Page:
First off, I thought TBS did a great job. They were not shy at pointing out the flaws of the umpires at all, and if you watched the game, I'm sure you know what I'm talking about. I think other media outlets tend not to point such things out and think it may damage the integrity of the game. I think at that point, it's more insulting to knowledgeable fans than anything else.

Cal Ripken called out the extra outfield umpires for not being in position. They (LF-Fieldin Culbreth, RF-Jim Wolf) were practically positioned just beyond the 1st and 3rd base umpires and coaches. A little redundant, don't you think? It sure seems like a case of them going through the motions to get extra cash for an extra day of work. The purpose of the outfield umpires I would think is to get a better look at questionable home runs and to determine if fly balls were trapped or caught cleanly by an outfielder. These guys looked like part of their job was to possibly get a better angle on a call on the base path. Horrible job. I'm interested to see if this continues throughout the playoffs, even after Cal calling them out.

Now, aside from the umpires being out of position to make the call, I think the right call was made on the non-HR. The ball certainly seemed to bounce off of the top of the railing before coming back onto the field. Due to the outfield umpires being out of position, Tim Tschida at 2nd base was in the best position to make the call. After an argument from the Rockies manager, the umpires conferenced and left the call as is. Perhaps extra cameras should be installed to show such things better. Foul poles may be a good place for them. Then again, that may expose bad calls to the viewers and there still isn't an instant replay in MLB (yet).

The other disaster would be the final play of the game. Once again, I think the umpires got the call right. The execution of the call was is an entirely different story. Matt Holiday was attempting to score on a sac fly, beating a throw from right field. Michael Barrett had the plate blocked and lost the ball as Holiday slid. It's really tough to tell from the replay if Holiday's ever did touch the plate, as every replay had something (Holiday's body and Barrett's foot) blocking the view of the hand and the plate. Honestly, if you saw the slop Trevor Hoffman was dealing, it probably wouldn't have mattered either way.

There's really no excuse for why Tim Mcclelland took so long to make the call though. The same can be said for his strike calls throughout the game. This is just stupid. You are an umpire Tim. If you want to make a name for yourself in the industry, come up with a unique way to call strikeouts or something. We don't have time for your quirks.

Wednesday, September 26, 2007

Padres Season Sabotaged!!!

So now the question is whose to blame: Milton Bradley or first-base umpire Mike Winters?

If you think I'm going to blame the disgruntled man who was named after a board game manufacturer, you haven't been reading this blog long enough.

First off, Bradley was upset and reacted to what he thought was a bad call on a 3rd strike. So why would an umpire at first base need to further any argument 3 innings later? I'm sure working under crew chief Bruce Froemming would help uphold the integrity of these umpires.. Yeah, okay....

According to Bradley, Winters called him a "Bleeping piece of Bleep". Wait, is that profanity? I think you're overreacting here Milton! But if the Padres first base coach Bobby Meachum (uh, the memories!) is siding with this guy, you would think the umpire said something out of line, contrary to Froemming's claim that Winters simply told Bradley to "knock it off".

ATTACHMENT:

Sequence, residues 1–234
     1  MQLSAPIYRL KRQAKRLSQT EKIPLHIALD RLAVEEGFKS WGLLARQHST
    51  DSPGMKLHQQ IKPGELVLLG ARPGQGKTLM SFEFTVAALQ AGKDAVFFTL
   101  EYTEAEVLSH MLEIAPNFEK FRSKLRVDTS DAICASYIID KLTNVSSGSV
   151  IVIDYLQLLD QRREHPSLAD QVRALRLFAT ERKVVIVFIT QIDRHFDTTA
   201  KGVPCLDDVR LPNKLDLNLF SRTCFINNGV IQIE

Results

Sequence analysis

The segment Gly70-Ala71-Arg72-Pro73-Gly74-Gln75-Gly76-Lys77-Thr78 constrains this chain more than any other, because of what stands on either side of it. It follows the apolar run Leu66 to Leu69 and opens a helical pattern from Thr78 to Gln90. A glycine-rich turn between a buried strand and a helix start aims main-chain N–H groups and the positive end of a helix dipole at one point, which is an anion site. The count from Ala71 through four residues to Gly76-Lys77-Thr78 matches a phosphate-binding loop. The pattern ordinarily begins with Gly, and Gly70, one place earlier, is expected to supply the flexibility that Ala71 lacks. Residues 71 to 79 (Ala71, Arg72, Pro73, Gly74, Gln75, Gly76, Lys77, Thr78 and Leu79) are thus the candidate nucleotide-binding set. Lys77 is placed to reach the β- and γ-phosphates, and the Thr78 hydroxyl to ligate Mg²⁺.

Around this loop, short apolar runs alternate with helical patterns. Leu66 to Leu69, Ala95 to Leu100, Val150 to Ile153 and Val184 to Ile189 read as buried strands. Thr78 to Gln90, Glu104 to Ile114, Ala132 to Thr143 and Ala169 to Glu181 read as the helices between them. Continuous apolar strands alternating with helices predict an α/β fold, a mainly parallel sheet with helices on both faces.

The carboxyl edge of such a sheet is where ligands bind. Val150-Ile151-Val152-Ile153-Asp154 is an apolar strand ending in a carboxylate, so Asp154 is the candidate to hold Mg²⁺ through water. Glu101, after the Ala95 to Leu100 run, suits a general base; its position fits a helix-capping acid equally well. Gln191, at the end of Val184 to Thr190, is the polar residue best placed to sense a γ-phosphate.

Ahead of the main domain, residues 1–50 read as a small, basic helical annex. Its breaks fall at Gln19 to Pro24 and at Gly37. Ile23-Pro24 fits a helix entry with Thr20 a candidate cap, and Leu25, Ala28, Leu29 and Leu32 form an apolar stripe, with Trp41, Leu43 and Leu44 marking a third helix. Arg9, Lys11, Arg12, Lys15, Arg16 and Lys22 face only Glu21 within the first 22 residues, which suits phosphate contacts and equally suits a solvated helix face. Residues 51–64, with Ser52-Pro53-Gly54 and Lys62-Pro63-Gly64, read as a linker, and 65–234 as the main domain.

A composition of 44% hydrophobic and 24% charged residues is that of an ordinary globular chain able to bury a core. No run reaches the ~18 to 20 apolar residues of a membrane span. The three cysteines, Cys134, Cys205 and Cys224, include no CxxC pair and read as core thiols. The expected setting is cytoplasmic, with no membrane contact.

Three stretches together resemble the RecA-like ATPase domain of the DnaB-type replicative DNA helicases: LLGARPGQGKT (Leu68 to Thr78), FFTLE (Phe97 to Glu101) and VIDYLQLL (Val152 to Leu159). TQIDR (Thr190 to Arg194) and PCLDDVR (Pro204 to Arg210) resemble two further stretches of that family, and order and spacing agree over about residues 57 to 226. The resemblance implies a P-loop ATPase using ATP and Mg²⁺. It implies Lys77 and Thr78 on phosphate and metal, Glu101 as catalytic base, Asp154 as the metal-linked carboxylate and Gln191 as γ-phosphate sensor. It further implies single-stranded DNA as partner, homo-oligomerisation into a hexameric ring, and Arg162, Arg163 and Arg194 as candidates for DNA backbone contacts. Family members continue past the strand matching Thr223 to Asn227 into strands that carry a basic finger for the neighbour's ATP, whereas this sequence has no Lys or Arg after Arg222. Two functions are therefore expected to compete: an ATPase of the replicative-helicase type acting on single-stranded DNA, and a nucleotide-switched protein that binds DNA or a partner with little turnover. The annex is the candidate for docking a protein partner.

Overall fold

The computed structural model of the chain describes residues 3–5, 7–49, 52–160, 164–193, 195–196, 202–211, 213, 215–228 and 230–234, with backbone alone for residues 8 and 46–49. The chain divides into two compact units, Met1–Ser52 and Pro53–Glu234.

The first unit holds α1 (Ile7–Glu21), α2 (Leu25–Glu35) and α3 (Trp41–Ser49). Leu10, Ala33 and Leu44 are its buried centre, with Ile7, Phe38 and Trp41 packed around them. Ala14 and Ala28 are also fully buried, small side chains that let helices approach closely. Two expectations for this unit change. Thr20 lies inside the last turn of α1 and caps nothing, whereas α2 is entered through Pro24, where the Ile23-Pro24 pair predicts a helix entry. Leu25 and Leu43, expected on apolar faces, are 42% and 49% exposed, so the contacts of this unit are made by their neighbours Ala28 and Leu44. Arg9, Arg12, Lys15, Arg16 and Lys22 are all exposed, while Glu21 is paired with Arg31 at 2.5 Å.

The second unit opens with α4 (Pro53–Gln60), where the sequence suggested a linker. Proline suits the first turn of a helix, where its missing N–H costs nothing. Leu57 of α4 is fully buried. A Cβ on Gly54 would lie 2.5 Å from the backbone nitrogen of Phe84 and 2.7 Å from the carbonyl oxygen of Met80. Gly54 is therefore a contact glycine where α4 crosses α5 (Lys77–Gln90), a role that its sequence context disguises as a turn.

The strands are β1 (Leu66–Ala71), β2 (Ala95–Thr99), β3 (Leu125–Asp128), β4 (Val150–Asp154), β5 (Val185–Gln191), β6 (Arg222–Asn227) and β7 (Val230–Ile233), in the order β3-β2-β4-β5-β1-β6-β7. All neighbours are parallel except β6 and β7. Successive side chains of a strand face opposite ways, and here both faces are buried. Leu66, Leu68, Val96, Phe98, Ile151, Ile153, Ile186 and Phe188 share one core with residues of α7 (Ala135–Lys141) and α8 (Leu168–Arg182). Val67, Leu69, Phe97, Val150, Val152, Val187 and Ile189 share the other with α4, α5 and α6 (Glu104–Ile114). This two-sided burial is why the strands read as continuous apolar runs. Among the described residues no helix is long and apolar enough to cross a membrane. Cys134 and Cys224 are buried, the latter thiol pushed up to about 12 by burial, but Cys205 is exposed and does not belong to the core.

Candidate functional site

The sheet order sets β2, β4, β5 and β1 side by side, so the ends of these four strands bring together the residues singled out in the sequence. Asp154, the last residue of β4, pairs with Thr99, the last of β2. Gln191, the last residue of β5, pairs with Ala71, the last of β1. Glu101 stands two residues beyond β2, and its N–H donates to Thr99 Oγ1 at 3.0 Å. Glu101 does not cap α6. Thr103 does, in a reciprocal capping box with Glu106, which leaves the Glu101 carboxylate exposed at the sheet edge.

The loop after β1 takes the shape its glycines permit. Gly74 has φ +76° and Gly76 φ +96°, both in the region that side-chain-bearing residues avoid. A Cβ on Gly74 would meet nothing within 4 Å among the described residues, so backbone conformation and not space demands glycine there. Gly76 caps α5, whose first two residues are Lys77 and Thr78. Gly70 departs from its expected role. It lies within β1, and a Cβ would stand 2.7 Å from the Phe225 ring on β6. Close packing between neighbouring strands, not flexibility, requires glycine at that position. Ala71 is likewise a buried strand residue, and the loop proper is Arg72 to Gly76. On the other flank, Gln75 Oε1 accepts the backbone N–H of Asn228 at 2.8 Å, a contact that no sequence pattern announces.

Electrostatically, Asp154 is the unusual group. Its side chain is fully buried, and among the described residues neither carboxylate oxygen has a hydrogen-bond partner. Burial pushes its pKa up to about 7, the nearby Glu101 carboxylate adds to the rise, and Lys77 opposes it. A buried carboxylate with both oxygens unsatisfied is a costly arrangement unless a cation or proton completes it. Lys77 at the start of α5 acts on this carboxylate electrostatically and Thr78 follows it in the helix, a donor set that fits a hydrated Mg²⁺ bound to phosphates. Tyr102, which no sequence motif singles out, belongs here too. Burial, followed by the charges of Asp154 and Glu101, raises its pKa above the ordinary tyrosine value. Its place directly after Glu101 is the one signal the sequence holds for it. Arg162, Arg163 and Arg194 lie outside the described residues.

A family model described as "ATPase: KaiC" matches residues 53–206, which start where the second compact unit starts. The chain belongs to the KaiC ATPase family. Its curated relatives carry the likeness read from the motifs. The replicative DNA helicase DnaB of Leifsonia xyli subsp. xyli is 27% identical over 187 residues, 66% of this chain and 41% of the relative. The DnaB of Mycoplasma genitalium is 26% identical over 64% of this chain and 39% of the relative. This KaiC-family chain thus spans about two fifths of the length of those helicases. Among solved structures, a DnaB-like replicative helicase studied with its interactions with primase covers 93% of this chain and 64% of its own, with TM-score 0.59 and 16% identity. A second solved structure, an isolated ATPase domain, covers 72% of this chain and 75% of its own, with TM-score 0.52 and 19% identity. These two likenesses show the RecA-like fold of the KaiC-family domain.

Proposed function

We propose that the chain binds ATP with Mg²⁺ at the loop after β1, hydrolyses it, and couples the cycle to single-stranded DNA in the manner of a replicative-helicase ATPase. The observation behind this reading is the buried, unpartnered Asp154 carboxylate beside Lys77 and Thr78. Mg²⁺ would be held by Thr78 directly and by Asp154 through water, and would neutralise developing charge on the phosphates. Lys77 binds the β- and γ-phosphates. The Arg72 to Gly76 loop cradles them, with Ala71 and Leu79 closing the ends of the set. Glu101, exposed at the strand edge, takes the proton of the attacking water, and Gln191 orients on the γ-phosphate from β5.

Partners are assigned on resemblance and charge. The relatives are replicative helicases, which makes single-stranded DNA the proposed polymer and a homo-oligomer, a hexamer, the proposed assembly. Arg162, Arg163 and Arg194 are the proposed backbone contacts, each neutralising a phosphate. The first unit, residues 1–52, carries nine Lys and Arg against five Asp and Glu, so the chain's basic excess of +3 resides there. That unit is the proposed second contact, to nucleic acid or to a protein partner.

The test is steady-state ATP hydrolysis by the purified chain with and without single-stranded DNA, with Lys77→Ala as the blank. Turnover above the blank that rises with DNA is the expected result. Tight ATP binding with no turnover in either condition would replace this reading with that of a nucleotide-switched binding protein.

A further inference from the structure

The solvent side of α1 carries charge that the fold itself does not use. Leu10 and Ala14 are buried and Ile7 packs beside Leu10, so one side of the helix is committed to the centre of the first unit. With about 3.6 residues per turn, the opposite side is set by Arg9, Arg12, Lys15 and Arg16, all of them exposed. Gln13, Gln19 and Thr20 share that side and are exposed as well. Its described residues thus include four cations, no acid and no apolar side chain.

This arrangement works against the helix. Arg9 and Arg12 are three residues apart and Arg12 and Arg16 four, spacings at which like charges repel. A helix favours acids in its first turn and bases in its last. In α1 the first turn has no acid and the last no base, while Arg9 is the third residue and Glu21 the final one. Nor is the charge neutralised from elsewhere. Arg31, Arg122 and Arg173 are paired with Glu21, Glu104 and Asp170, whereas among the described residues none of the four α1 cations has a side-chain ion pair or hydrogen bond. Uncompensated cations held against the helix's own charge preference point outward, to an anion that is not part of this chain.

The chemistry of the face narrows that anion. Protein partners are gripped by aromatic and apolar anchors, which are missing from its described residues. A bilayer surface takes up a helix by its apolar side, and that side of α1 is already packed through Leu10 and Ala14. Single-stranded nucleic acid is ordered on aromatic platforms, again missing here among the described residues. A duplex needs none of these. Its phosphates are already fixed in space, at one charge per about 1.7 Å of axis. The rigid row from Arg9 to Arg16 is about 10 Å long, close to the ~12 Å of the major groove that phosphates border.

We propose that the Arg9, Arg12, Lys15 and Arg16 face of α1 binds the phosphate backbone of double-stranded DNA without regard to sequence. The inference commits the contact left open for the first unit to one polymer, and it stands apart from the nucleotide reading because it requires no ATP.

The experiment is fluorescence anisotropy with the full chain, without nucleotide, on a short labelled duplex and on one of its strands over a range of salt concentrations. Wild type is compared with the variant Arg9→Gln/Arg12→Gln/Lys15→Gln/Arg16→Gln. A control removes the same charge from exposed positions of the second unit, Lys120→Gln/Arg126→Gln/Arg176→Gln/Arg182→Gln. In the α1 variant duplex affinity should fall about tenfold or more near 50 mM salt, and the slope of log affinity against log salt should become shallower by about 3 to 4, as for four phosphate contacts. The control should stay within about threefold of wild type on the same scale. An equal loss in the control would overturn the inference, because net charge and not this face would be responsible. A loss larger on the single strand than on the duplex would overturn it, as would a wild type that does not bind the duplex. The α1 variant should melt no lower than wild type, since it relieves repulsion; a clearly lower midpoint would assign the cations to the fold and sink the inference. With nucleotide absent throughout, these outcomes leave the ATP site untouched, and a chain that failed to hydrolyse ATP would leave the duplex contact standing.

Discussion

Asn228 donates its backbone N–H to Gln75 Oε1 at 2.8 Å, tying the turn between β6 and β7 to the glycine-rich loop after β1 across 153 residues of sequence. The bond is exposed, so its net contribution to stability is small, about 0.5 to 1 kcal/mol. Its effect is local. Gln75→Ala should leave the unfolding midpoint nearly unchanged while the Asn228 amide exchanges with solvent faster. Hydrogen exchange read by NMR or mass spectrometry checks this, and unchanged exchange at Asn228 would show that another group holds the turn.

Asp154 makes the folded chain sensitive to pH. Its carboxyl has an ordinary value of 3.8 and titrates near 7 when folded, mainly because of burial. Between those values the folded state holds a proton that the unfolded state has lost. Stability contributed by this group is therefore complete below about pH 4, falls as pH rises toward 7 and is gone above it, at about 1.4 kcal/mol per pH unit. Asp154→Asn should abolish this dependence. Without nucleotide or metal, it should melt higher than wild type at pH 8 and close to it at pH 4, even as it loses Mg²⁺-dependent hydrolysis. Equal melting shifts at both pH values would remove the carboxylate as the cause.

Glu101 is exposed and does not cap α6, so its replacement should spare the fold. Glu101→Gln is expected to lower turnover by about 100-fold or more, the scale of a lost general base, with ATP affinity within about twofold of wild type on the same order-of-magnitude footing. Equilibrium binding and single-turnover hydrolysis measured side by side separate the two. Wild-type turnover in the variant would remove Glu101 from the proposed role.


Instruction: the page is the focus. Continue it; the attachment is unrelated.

The rest of the story is now the beginning of the end to Milton's season. Manager Bud Black restrained Bradley, giving him a season ending knee-injury in the process. If I had to guess, if it weren't for the injury, Bradley would have been thrown from the game and suspended a few games, during a playoff push, nonetheless.

But will anything come of Mike Winters and his prodding of a loose-cannon type player? I wouldn't hold my breath. Todd Helton, the first baseman of the opposing Colorado Rockies, would be the only impartial person who was there for the entire exchange. He should probably speak out, but I don't blame him for not doing so. He is on a team that is also in a playoff race and a distraction like this really doesn't benefit him or his team. The only hope is if Selig somehow questions Helton on the interaction. Again, I'm not holding my breath.

I've kind of been routing for the Padres this season, only because they were my pre-season favorite for the NL West. To be honest, I don't really care about the Padres at this point. Winning the wild card does not give my pre-season division winner picks any credibility. If the NL Wild Card race continues to go down to the wire, you'll hear a lot about this incident in weeks to come in Southern California. Milton Bradley was doing pretty well on an offensively lacking team.

Ahh, another day, another official abusing his power with zero consequences....

If there's any justice, the Padres will keep winning

Update 9/26 4:16 PM

Okay, is MLB reading my blog? Maybe I'm not paying close enough attention, but not even an hour after writing the initial entry to this post I see the headline "MLB suspends umpire over confrontation".

Hooray for something actually being done! MLB, I am impressed.

Thursday, September 20, 2007

Floyd Landis found Guilty

Guilty Landis will lose 2006 Tour title

I'm sure most have heard of the the case, so I won't bother with linking too many stories from the past year. The news has been pretty quiet about it since the hearing a few months ago. But today the verdict was made public and the results will force Landis to give up his 2006 Tour de France title.

I'm personally shocked. When I followed the hearing, I really didn't see how the USADA had a leg to stand on considering the sloppy lab techniques and the fact that I don't think the French can swallow the idea of a 2nd American dominating their sport. Nearly half of the interviews from French officials simply referred to him as "The American". The French people are most likely happy with the ruling, but doesn't this really give the whole sport of cycling a big black eye?

Hopefully, Floyd will do all he can to appeal this, and I'm sure he will considering the time and effort put into this so far. I doubt he'd give up now. I'm shocked that the panel of arbitration for the hearing only consisted of 3 members and that a 2 to 1 ruling was enough to find him guilty.